Celsius' latest bankruptcy court hearing sets stage for future decisions

Quick Take

  • Much of today’s three-hour hearing centered on arguments surrounding decisions to be made at future hearings.
  • That includes whether to seal creditor information and which custodial account holders qualify for withdrawals, which Celsius has requested to honor in a new motion. 

The latest hearing in lender Celsius' Chapter 11 bankruptcy case is setting the stage for future key decisions, but little tangible action was accomplished on key issues today.

The hearing came just hours after Celsius' counsel filed a motion in the U.S. Bankruptcy Court for the Southern District of New York requesting the authority to open withdrawals for specific custody and withhold accounts. That request won't be settled until an Oct. 6 hearing, but various parties still gave feedback for a significant portion of the three-hour hearing.

The motion indicates that Celsius has discerned that the funds are not part of the estate, meaning they should be released to the custodial account holders. However, there is contention about who qualifies.

It has discerned assets in the Earn and Borrow programs belong to the estate per the terms of service. Celsius says it has not yet completed the necessary analysis to discern if certain custody customers, such as those who transferred funds from the firm's Earn and Borrow programs, qualify. Counsel for Celsius customers is requesting the relief go to all holders of custody accounts. 

Celsius called the current, narrowed request "phase one" and said it's possible they will seek to release all the funds in the future. 

"While today’s motion, which will be considered at a later hearing, would apply only to a certain group of customers, we are preparing to address matters related to all customers as we move ahead. We continue to pursue all available avenues as quickly as possible," Celsius said in a tweet after the hearing.

What's in a name?

Judge Martin Glenn also considered whether to redact information about Celsius creditors, but ultimately kicked the decision to the upcoming Sept. 14 hearing. Celsius counsel is seeking to redact all identifiable information from the public docket, but Glenn made it clear he's opposed to the idea of allowing creditors to be fully anonymous.

"I'm not going to allow anonymous proofs of claim, I can tell you right now," he said.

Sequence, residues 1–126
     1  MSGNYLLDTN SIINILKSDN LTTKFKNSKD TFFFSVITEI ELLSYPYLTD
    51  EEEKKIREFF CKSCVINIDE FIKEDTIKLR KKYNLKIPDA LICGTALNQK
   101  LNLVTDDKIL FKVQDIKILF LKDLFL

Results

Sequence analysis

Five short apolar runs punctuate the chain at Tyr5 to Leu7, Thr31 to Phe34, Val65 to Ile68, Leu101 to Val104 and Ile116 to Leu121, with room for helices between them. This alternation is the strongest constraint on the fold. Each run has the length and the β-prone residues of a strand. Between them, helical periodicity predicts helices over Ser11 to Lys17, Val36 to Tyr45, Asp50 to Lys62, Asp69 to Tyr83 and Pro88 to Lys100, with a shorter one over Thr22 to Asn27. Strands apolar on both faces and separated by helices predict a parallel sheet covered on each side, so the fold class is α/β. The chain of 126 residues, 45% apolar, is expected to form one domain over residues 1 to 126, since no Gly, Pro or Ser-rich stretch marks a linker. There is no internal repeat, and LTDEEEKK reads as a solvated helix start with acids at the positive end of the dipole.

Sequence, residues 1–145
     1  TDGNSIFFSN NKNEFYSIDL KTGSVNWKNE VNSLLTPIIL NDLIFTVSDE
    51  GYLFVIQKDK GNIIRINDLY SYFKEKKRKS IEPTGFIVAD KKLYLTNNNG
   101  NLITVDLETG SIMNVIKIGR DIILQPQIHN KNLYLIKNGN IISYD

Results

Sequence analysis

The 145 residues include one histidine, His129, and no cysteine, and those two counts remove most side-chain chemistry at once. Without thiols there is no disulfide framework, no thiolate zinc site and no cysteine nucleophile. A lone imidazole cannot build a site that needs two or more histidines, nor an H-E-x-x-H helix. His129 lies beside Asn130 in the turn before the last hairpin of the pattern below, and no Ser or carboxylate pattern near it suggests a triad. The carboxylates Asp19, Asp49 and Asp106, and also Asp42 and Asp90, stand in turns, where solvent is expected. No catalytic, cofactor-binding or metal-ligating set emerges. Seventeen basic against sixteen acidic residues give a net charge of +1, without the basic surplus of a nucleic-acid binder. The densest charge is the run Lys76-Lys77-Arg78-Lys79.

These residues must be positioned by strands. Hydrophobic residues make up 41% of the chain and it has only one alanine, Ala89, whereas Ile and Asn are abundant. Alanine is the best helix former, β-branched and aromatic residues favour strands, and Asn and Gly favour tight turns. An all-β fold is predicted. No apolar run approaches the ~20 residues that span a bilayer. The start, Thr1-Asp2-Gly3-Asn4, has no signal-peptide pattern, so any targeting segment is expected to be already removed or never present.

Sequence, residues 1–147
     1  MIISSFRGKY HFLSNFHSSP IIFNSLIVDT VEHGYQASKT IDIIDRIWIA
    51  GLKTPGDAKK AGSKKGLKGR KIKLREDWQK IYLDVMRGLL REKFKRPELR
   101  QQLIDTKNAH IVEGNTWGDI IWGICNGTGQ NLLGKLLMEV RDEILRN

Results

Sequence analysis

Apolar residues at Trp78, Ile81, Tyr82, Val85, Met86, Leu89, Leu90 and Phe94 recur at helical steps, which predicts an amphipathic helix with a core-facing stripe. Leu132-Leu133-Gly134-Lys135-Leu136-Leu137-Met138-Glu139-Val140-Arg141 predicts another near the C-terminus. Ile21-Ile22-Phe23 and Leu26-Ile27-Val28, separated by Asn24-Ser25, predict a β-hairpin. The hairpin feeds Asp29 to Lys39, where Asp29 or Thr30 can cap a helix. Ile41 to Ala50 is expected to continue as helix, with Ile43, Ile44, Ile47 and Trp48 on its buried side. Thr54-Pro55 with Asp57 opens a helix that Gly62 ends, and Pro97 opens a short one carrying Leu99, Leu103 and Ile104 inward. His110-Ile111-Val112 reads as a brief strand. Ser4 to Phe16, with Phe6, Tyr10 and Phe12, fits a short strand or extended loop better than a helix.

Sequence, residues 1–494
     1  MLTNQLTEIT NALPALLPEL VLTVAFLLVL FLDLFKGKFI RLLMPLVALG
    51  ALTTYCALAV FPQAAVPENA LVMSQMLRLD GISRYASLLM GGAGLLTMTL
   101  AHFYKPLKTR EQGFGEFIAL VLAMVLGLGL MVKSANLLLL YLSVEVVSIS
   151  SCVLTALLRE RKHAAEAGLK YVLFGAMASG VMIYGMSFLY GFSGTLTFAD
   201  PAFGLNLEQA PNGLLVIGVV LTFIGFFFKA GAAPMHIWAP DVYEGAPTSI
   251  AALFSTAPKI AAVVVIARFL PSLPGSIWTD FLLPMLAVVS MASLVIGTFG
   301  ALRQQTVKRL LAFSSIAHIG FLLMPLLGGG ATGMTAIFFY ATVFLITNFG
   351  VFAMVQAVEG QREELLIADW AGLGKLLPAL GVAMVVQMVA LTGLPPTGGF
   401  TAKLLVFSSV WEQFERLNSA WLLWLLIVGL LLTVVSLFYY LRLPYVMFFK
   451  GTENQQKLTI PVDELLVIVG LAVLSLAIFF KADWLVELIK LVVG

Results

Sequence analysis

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Usually, creditors must be identifiable in order to lodge claims, but Celsius argues disclosing this information could leave its customers vulnerable to cyber threats since this case deals heavily in the crypto sector, where hacks and digital theft are common. Celsius would prefer creditors volunteer this information to be made public in order to prove their claims in court rather than having that information automatically on the public docket, as is usual in the bankruptcy process.

Although Glenn said he'd be amenable to sealing other information, like email and home addresses, at this time he believes the names should be public.

"While I'm not ruling today, I want to make clear I have the strongest reservations about not requiring the disclosure of the names," he said. "I think addresses, home addresses, email addresses is a completely different matter. I'm very sensitive to that issue, so I want to give the parties who've addressed this issue in their papers to try and see whether they can reach a consensual resolution of it."

The remaining agenda

Glenn also approved an interim motion related to cash management, but larger questions surrounding cash management, including the safety and storage of assets, will come to a head on Oct. 6.

Celsius disclosed it will receive another $61 million back from a loan due to a technicality, allowing the funds to be returned in cash rather than stablecoins, as was originally thought. This relieves some pressure on the estate, which previously reported it could run out of cash as soon as October. 

Glenn also granted the de minimis asset sale motion, a point of contention at the previous second-day hearing. At the time, the U.S. Trustee argued it was unclear which assets Celsius was looking to sell, calling Glenn's attention to the vagueness of the request. Now, the parties have reached an agreement in which Celsius will consult with other parties before the sale of the assets. 

Glenn also approved the sealing of certain parties that have signed non-disclosure agreements in the bidding process and an extension for Celsius to file their schedules and statements. 

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About Author

Aislinn Keely is a reporter on The Block's policy team holding down the legal beat. She covers court decisions, bankruptcies, regulatory actions and other key moments in the legal sphere, putting them in context for the wider crypto industry. Before The Block, she lent her voice to the NPR affiliate WFUV and helmed Fordham University's student newspaper. Send tips or thoughts on all things policy and legal to akeely@theblock.co or follow her on Twitter for updates @AislinnKeely.